What have you done this week to inspire your customers and employees to be excited about your products or services?
What have you done this week to inspire your customers and
employees to be excited about your products or services?
Perhaps your business is doing OK, but not thriving. Maybe
you are struggling to keep the doors open. And because of these conditions,
you’ve focused all your time on cutting expenses, lowering overhead, and
serving your remaining clients.
If so, it’s time to rethink your priorities. Quickly.
I’m not dismissing hunkering down. There are times in a down
business cycle where we all have to do it. This recession has been brutal to
everything related to construction, remodeling, and maintenance.
But there comes a point when hunkering down is counter
productive. Fatigue sets in and weakens your staff. Customer contact suffers.
There are ways to counteract this downward cycle.
pride in what you’ve accomplished during this economic storm.If you’ve
made it this far, chances are good your company is going to survive and be
well positioned for success going forward. Praise your staff for helping
you get to this point.
forward and cast a vision.Don’t dwell continuously on your current
challenges. Look ahead and share your positive vision with your staff and
on innovation. Yes, I know your budget is down and it’s hard to invest.
But imagine how motivated your staff will be when they brainstorm, create, take risks and share new ideas/products to your customers.
I saw how innovation can energize people while attending the
AHR Expo in Orlando
last month. Two of my stops included boiler companies that were introducing new
products at this major HVAC trade show. If boiler companies can be innovative
in the midst of a huge construction decline, the rest of us have no excuses.
In both cases, their press briefings and product demos were
packed. More importantly, their booths were humming, as potential buyers were
drawn in by innovation.
One company, Lochinvar Corp. (www.lochinvar.com), introduced a variety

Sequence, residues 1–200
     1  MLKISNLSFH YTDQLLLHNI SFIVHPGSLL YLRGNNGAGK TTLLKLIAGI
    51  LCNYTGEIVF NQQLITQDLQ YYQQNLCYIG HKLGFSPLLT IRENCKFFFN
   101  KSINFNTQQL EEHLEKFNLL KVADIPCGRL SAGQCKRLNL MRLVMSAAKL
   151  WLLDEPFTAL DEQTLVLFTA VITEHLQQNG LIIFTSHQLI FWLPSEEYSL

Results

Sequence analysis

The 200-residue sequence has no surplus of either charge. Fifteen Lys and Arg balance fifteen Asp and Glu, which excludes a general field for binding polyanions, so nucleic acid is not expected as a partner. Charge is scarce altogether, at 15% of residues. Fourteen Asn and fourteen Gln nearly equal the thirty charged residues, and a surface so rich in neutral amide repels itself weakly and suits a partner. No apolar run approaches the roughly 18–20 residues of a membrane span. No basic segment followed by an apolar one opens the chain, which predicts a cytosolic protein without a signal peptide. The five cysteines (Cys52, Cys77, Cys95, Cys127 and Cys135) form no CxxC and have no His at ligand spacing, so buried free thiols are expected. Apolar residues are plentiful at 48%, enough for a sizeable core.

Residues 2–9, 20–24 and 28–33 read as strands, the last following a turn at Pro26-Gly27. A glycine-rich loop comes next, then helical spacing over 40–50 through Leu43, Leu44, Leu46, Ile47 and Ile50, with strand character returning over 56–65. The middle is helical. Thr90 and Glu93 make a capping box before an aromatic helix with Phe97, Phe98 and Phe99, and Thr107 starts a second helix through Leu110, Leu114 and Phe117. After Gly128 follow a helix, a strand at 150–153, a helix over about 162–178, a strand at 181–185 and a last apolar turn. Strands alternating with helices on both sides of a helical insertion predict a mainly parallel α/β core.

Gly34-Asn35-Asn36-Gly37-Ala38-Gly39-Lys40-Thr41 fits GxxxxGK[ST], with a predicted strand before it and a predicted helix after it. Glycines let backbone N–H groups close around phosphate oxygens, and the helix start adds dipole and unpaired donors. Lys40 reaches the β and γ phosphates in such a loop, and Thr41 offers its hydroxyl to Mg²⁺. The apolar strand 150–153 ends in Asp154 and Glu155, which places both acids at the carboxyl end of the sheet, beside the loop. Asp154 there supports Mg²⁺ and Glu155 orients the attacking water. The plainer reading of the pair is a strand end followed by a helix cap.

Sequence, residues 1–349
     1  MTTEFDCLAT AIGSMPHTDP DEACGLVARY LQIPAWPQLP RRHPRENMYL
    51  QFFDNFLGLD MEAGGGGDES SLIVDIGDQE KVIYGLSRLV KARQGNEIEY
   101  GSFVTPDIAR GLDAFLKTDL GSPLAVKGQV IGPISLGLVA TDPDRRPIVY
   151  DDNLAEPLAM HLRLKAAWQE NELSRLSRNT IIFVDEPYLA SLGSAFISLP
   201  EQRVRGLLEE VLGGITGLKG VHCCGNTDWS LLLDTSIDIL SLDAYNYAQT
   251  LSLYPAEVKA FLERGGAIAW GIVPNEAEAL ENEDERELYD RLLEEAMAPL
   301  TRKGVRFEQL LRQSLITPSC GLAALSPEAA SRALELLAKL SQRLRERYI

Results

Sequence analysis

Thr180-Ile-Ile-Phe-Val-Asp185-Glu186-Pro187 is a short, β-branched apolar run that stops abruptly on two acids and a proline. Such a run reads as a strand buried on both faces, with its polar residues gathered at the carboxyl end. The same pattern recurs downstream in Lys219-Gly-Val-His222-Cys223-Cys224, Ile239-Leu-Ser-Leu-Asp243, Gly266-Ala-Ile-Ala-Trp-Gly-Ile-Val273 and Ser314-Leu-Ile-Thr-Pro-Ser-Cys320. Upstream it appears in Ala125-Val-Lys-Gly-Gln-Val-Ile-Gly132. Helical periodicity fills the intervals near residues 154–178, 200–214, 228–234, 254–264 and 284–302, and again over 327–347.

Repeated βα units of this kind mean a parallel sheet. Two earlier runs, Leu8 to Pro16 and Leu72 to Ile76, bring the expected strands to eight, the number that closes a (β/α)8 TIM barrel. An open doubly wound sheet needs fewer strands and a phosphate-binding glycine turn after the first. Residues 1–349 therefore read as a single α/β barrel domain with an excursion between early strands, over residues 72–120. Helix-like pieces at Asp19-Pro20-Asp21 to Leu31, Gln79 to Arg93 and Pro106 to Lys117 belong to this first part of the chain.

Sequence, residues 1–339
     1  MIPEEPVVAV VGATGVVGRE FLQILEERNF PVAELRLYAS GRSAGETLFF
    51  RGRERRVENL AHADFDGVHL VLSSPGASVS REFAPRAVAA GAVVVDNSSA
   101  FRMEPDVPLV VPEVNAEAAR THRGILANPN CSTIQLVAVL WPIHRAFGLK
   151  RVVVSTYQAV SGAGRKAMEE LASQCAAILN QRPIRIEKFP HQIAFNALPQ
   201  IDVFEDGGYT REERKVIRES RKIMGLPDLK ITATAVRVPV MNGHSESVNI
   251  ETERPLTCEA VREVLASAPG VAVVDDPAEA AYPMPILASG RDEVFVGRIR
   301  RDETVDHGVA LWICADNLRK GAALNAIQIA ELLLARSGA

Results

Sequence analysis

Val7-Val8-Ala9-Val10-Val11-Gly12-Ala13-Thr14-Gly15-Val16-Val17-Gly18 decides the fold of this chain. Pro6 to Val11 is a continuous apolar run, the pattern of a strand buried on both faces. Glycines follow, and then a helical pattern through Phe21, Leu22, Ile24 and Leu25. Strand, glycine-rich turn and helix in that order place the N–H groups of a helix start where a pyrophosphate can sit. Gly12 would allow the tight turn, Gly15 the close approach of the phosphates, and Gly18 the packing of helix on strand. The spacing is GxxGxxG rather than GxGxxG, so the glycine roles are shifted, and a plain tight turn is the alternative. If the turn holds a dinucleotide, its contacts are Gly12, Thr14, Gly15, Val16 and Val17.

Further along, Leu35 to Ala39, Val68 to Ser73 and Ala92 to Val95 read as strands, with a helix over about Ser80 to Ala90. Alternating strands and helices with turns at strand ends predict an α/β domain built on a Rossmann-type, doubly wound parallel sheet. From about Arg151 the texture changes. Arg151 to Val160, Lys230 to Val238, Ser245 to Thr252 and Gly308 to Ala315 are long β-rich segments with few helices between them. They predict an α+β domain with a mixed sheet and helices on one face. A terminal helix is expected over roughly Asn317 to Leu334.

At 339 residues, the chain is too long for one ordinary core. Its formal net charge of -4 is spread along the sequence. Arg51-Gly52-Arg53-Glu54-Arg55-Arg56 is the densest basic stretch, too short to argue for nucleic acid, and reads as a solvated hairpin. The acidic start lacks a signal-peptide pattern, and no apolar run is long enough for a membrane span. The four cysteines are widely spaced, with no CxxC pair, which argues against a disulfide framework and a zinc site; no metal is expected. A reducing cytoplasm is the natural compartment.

of new water-heating products. These products featured increased energy
efficiency, consumer convenience like touch-screen controls, and even solar water
The Lochinvar team created numerous reasons for staff to
engage customers and prospects. They continued investing in R&D, which resulted
in lot of curiosity.
A second company, The Fulton Companies (www.fulton.com), also took the innovation
route. They introduced several models of geothermal-based water heating
products and the AHR crowd was intrigued. Several attendees stayed after the
product demo to ask questions.
Likewise, many other companies introduced new products and
services at the AHR Expo, the International Builders Show, the Surfaces Show,
and the World of Concrete in the first two months of 2010. Many booths were
packed, but some were empty.
My guess is those companies still innovating drew crowds, energizing their staffs and developing momentum. Most likely, they will be better
prepared to rebound as the economy improves.
Next week, why not set aside time to brainstorm and think
creatively with your staff? What new product or service can you offer? How will
it benefit your customers? How should you market these innovations?
Although I cannot guarantee immediate financial success, I
can promise this exercise will refresh your staff. It will give them a positive direction and
energy. Right now, that could be a game-changer for companies stuck in a slump.
Innovation Still Matters
By Tim Fausch
Tim Fausch is publishing director of BNP Media’s Architecture, Engineering & Construction and Mechanical Systems Groups, a collection of more than 20 trade magazines, Web sites and e-newsletters. Just don't ask him to use any actual tools.